Military Bases and Noise Pollution: Taking Measures Further Than Before

A military base is public in nature and serves the public good. So, how are these features being balanced with the peaceful lives of citizens who live in the vicinity of such bases? I’d like to urge the government to make a judicial ruling on this matter beyond what they have done until now.

Naval Air Facility Atsugi, in Kanagawa prefecture, is jointly used by the U.S. military and Japan’s Maritime Self-Defense Forces. A Yokohama district court recently ruled that the Japanese government must pay damages to local residents for the noise and also ordered the suspension of Self-Defense Forces aircraft flights. Though lawsuits just like this one have been filed in the past, this is the first time such conditions have been awarded.

The Tokyo High Court has also shared its thoughts on noise pollution caused by military bases up until now. Although it recognizes the noise has previously caused injuries, it does not acknowledge any future damage it may do. It also rejects demands to prohibit military flights, which some have criticized as being too passive. Though the plaintiffs in this most recent ruling also wanted to prohibit U.S. military aircraft from being flown at night — which accounts for the majority of the noise — that part of the suit was rejected. As a result, the terms for damage prevention are limited. However, these terms still extend beyond the limits of previous rulings, which is of no small significance. Let’s hope the influence of this ruling will spread to every base-related lawsuit around the country.

Naval Air Facility Atsugi has been carrying out night-time takeoff and landing practices for U.S. planes stationed on aircraft carriers. There are plans to relocate these carrier-based planes to Air Station Iwakuni in Yamaguchi prefecture, a base jointly operated by the MSDF and U.S. Marine Corps. There are additional plans to move U.S. aircraft training practices to bases on Japan’s main island in order to reduce some of the burden placed on Okinawa by the military bases located there. Now, base-related noise pollution measures have the potential of becoming a more widespread issue than ever.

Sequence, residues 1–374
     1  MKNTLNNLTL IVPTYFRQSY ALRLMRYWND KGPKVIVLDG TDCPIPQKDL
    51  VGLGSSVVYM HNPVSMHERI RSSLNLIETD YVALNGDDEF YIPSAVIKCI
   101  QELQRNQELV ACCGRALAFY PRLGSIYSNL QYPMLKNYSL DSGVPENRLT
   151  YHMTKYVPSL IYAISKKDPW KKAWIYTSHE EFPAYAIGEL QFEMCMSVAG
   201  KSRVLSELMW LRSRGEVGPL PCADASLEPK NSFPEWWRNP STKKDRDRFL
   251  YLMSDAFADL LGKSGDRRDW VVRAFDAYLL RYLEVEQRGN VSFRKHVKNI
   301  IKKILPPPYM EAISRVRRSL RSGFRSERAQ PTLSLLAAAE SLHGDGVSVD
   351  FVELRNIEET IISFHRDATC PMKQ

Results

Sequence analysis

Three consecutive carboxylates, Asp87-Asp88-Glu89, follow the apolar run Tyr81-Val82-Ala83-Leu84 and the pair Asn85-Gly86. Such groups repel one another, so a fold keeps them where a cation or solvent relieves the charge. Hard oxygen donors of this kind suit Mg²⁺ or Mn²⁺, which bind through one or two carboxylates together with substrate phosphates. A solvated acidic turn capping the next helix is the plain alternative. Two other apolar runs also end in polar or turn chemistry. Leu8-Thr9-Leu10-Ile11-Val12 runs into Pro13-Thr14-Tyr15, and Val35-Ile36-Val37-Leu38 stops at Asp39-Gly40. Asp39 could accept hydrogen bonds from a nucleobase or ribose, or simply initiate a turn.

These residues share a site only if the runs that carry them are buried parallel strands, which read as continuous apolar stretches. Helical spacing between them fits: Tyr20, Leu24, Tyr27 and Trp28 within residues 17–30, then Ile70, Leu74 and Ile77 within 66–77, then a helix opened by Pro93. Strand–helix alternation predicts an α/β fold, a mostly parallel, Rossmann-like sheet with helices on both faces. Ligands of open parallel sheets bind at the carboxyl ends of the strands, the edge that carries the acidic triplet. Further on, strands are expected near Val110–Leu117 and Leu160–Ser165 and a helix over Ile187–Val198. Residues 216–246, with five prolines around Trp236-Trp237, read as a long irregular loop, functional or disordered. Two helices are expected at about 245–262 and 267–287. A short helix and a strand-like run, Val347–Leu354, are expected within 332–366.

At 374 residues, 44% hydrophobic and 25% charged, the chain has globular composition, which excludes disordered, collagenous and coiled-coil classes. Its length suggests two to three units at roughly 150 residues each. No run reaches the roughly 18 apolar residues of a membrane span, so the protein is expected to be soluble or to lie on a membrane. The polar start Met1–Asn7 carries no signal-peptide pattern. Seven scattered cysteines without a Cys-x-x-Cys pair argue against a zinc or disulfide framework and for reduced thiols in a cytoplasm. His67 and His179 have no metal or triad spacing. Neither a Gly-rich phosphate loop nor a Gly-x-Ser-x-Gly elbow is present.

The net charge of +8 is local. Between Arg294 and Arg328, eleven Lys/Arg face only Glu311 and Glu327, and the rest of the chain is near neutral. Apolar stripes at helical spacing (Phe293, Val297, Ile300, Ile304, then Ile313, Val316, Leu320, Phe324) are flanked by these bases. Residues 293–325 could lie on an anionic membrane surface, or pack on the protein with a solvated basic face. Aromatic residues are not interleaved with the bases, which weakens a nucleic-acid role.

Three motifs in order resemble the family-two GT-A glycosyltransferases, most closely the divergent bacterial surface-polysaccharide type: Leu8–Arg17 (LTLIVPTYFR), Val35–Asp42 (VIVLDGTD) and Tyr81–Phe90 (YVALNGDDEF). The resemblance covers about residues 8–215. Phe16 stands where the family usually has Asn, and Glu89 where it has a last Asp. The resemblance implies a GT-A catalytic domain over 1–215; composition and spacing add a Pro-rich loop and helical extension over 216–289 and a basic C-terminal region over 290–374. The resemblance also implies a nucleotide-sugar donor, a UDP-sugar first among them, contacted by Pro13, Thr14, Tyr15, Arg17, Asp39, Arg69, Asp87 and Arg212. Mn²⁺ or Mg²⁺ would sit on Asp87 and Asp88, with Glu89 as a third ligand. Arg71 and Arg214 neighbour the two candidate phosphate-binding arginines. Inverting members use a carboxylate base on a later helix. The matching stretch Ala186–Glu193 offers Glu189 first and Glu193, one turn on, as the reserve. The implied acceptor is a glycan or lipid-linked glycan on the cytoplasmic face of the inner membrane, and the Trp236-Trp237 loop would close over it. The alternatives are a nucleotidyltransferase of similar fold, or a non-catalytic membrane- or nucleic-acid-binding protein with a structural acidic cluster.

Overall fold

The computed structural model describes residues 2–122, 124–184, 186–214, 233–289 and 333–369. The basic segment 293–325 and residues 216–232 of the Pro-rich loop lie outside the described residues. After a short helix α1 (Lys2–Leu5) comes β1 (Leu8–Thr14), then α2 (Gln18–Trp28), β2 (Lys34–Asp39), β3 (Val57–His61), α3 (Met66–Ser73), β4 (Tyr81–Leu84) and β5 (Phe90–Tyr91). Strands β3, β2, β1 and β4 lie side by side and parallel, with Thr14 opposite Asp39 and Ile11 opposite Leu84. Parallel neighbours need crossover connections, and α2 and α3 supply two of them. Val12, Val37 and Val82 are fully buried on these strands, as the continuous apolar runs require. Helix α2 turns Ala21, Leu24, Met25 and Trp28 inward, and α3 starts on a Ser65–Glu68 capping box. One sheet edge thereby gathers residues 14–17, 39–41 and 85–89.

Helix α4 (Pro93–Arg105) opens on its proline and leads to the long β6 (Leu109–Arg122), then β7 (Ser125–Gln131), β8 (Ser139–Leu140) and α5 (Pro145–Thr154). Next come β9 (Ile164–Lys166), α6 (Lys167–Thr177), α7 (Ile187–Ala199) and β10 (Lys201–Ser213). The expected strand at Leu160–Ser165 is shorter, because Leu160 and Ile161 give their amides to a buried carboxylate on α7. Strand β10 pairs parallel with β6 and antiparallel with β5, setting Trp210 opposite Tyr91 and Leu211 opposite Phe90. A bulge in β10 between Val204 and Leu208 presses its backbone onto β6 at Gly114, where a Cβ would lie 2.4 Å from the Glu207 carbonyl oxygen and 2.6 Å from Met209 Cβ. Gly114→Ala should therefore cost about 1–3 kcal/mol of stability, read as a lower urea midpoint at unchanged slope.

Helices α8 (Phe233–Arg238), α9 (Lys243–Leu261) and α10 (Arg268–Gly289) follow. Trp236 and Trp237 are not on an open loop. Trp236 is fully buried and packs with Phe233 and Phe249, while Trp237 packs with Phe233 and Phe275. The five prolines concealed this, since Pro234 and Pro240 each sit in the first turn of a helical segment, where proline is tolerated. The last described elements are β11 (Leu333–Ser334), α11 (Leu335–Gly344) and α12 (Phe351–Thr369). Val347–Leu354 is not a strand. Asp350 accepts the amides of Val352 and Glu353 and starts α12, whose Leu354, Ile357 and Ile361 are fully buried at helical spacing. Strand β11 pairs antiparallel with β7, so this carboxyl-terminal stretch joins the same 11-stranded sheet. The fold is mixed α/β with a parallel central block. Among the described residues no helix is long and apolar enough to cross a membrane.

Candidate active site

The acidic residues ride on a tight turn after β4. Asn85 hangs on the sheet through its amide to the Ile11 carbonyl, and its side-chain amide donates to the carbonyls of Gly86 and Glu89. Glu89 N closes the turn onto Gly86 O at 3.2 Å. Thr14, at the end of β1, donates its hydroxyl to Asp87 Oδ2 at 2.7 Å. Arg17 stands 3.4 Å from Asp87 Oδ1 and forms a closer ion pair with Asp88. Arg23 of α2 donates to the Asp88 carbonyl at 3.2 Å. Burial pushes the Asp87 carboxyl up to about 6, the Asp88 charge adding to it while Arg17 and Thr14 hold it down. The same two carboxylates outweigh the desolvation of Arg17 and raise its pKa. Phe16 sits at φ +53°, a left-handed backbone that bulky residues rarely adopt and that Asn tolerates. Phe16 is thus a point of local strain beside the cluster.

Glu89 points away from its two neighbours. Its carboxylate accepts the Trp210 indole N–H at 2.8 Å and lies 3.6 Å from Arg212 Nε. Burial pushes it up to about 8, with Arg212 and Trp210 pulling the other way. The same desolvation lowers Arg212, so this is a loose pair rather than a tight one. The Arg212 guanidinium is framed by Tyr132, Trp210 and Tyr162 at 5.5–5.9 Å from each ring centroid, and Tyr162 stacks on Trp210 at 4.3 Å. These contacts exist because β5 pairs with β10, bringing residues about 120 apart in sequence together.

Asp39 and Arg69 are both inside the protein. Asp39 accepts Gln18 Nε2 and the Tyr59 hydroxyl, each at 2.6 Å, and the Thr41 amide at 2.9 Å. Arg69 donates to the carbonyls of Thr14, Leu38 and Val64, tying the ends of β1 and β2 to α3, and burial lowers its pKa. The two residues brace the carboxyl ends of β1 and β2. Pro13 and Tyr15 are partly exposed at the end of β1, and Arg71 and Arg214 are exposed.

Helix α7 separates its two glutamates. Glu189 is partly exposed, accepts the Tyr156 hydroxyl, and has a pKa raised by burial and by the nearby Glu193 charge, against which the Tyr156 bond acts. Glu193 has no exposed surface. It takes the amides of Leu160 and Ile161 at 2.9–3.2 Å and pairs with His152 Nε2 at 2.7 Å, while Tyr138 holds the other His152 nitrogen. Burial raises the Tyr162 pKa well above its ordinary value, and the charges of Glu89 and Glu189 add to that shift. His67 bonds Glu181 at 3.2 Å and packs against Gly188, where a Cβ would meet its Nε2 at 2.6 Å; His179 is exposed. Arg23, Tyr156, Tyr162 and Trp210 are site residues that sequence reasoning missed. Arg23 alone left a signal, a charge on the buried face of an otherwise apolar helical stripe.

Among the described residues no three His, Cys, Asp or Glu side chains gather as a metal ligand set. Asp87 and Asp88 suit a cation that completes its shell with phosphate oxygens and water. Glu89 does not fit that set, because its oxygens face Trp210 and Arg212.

The three prior judicial rulings on the noise caused by Naval Air Facility Atsugi determined that the noise reached an unlawful level. Despite such rulings, however, the Japanese government still emphasized, even with this most recent lawsuit, that if the noise is “within permissible levels, the soundproofing assistance provided for residents’ homes is effective.” The Yokohama court ruling recognized that noise pollution from the base is directly linked to local residents’ personal injuries and that it’s a serious problem. They also identified the limits of national countermeasures.

The amount of compensation the court ordered as damages for the base’s noise pollution was the highest awarded so far, and we can only hope it serves as a warning for future violations. The government should be urgently striving to create noise prevention measures that extend beyond what we’ve had up until now.

To do that, the reality of personal injuries caused by the noise should once more be reviewed in great detail. It would also be good to meet with the U.S. military to seriously discuss the matter. Plus, even though serious noise pollution has been identified, that doesn’t mean the only ones who are affected are those living within the vicinity of the bases. As things stand now, it’s very possible that this issue could also undermine the bilateral understanding and cooperation that serves as the foundation of the Japan-U.S. Security Treaty.

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